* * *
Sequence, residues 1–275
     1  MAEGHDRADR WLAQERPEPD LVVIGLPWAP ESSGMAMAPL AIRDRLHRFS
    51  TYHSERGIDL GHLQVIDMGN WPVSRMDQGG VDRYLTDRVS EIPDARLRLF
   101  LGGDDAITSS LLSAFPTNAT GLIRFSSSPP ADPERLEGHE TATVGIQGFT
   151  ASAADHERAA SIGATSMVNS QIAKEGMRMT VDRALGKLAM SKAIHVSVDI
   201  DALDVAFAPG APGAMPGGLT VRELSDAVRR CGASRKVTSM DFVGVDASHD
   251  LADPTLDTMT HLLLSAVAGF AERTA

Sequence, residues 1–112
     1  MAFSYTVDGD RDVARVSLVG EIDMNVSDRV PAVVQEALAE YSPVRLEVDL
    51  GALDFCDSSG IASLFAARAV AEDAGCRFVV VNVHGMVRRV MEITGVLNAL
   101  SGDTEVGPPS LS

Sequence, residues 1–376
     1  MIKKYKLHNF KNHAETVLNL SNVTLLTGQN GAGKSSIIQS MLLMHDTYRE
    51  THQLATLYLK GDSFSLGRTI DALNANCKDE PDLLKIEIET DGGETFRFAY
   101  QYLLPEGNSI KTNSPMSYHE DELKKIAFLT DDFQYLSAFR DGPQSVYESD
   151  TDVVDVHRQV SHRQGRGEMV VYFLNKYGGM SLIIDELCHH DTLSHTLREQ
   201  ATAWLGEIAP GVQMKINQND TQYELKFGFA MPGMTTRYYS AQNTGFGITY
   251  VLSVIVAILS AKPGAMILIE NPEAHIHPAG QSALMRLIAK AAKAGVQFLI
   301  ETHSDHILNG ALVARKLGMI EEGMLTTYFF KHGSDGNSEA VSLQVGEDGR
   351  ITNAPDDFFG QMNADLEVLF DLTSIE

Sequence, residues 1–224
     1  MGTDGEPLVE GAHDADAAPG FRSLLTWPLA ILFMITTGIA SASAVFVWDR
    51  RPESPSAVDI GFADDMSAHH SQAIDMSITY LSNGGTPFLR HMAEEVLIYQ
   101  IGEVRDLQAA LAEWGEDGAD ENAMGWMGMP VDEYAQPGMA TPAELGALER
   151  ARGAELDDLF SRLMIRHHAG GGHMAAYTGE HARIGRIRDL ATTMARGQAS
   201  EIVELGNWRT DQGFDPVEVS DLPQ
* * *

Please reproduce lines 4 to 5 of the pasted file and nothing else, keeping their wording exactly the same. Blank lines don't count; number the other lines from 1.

   101  LGGDDAITSS LLSAFPTNAT GLIRFSSSPP ADPERLEGHE TATVGIQGFT
   151  ASAADHERAA SIGATSMVNS QIAKEGMRMT VDRALGKLAM SKAIHVSVDI